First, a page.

He also believed he was a world class runner, at age 75 or whatever he was. Sometimes on the quad he would race a football player in what he thought was a hundred yard dash, and whoever it was would always let him win. People snapped their stop watches in world record time. He bragged about people he’d beaten, times he had run. He was out there in street clothes, running pretty fast, but not all that fast, for a guy his age.
His other obsession was death. He started several conversations with me (after he had asked me my opinion of daylight savings time) by saying, “You know, there was once a time, I know this was silly, and you probably won’t believe it, but there was once a time when I was actually afraid of dying.” I, who was plenty afraid of dying, still am, for that matter, would nod in sympathy. “Do you believe that?” he’d say.
Once, as we were riding between campuses on a campus bus, he leaned very close, a wild look in his eye, and told me that when he was a young man, he didn’t believe that women defecated. He just didn’t think they would do such a thing. No shit, I should have said, but didn’t. I nodded politely, as I did to his fears about death.
The rumor was that he’d had a brother who was also a professor, and that the man had died an untimely death. Or maybe killed himself; I don’t remember now. There had been some trauma that had put Nurmi (whose real name, as he said in his tutorial notices, was W.O. Shears) over the edge. He’d once been an academic, which meant he was pretty nutty to start with. But then something happened, and he became a crazy-eyed wandering old man, who talked of nothing but time, and death, and, occasionally, the purity of women.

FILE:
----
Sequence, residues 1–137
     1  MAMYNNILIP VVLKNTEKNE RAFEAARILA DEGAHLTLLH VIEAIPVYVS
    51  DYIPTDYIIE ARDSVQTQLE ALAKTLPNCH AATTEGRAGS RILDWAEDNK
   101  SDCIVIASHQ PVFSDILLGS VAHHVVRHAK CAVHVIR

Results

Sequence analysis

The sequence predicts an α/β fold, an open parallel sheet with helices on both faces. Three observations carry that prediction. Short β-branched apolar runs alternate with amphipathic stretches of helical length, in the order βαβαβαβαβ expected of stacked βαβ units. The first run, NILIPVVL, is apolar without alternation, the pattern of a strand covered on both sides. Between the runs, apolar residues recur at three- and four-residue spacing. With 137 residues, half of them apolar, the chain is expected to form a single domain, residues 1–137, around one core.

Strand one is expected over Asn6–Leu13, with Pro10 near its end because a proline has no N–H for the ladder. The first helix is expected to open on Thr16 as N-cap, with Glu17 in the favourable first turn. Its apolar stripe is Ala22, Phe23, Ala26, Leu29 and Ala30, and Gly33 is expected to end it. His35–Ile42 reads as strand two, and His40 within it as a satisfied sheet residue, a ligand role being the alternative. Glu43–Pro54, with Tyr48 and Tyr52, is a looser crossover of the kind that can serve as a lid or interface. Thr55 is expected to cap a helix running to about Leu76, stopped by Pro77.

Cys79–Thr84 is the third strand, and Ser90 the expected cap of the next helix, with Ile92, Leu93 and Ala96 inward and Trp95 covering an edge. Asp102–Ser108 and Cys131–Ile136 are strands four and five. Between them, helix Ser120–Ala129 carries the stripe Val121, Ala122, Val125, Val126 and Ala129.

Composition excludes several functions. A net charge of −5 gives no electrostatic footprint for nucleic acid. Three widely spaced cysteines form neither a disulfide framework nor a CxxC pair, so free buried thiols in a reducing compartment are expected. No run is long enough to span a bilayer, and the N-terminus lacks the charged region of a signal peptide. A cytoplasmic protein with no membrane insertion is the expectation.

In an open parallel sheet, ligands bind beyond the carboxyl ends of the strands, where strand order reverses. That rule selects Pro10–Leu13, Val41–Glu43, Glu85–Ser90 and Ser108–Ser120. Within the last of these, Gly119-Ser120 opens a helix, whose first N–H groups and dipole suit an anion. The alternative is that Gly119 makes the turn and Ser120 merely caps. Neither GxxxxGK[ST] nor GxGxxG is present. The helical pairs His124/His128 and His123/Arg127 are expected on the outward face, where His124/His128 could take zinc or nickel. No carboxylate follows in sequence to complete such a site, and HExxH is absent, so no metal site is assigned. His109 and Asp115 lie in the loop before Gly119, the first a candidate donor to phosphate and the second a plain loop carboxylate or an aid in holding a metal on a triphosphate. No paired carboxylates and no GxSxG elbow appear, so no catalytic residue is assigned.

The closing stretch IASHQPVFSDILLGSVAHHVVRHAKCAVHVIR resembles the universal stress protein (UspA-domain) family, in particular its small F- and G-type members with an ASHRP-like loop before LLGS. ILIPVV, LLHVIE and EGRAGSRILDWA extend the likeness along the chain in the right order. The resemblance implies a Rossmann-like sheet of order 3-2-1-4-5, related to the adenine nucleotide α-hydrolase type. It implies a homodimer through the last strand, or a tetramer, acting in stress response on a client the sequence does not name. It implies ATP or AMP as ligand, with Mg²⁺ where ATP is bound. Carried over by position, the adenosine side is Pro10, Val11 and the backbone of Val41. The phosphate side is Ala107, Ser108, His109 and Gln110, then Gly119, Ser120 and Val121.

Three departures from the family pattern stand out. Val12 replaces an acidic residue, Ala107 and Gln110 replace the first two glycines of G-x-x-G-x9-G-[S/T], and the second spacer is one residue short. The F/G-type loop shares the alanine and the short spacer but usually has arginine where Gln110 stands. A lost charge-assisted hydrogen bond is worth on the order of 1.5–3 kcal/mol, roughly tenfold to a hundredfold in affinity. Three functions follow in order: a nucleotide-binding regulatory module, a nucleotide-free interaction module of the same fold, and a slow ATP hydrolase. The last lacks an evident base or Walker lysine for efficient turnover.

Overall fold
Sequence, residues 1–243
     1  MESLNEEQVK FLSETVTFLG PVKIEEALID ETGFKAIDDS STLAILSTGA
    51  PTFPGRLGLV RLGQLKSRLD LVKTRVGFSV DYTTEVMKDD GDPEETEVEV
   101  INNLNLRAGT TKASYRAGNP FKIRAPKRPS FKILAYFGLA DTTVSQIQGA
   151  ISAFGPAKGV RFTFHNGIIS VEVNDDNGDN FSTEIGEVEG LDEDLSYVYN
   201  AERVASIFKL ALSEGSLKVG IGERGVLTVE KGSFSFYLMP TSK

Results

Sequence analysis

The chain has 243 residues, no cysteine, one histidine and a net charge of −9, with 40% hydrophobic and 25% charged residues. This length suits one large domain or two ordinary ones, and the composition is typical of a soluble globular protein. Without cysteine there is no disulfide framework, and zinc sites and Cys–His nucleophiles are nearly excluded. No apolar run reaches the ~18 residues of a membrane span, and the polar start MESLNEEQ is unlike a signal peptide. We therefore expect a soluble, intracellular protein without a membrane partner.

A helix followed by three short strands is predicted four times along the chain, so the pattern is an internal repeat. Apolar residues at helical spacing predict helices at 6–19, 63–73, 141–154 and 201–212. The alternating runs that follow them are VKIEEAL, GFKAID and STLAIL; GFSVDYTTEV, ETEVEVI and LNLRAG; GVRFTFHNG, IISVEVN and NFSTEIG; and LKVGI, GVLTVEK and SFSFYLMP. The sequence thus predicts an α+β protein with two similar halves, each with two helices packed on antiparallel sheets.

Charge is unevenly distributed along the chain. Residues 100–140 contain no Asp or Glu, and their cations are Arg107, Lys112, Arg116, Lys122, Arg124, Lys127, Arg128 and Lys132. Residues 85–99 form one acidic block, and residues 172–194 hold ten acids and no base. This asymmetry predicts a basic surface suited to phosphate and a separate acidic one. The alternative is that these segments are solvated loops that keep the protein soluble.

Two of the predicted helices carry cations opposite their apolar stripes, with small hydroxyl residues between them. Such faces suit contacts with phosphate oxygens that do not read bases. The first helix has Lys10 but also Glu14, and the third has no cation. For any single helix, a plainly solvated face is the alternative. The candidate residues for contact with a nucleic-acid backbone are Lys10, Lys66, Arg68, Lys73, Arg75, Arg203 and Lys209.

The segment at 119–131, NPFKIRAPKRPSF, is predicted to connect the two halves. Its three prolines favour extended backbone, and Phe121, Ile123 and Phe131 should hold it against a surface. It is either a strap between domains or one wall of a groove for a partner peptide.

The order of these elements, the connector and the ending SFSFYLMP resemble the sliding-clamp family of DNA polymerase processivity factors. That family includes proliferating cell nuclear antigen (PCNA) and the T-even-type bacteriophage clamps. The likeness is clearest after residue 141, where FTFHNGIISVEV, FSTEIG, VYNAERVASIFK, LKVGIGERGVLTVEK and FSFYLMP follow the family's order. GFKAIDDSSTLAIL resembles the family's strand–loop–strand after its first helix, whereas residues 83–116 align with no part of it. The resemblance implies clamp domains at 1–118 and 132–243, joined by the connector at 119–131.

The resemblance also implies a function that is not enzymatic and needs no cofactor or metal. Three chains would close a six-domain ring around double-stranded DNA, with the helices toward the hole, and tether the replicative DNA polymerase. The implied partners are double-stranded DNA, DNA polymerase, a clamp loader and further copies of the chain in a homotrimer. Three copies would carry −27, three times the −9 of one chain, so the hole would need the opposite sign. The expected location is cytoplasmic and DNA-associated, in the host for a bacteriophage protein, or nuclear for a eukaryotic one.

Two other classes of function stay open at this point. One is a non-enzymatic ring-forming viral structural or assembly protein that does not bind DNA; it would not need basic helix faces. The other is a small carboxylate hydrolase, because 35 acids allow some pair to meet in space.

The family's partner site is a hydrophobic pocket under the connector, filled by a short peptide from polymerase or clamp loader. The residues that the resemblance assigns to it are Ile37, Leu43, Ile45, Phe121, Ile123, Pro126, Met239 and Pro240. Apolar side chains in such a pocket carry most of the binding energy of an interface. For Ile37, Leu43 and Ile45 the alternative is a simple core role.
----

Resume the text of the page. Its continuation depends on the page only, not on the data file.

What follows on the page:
Miss Shepherd, in the play, has a similarly mysterious past. We hear early on that she was a nun, at a nunnery that is still there on the street. Bennett—most definitely a non-believer—goes and asks about that. There is also some weird connection to music: it isn’t noise in general that she objects to, but any playing of music. She is obviously religious, and fearful; we see the fear in her eyes on more than one occasion. And she has a traumatic incident in her past; the film lets us know that in the first scene. We eventually meet a family member who tells us some incidents from her life. But nothing explains why she is the way he is. Lots of people go through traumatic incidents. Not everybody goes off the deep end.
There’s a scene toward the end of the film where Miss Shepherd goes to an adult day care center, gets cleaned up, and in some way revisits her past. I wasn’t sure how much of the scene was meant to be real, how much fantasy. But in that sequence in particular, that miraculous transformation, Maggie Smith showed a subtlety that only a great actress could give us. There aren’t many actresses who would make themselves as vulnerable as this film makes her.
God bless the woman, as my wife would say. She’s a great actress still.
 In a classic Sixties moment, I was sitting at lunch with a couple of strung out hippies when Nurmi came up and polled us on the question. “I believe that time is an artificial concept,” the first guy said. Nurmi didn’t miss a beat. “You’re neutral,” he said.
 Paavo Nurmi was famous as a distance runner, not a sprinter. But he paced himself by carrying, and glancing at, the same kind of pocket watch that Nurmi carried around campus. Who gave him this nickname I don’t know, but there was a kind of genius to it.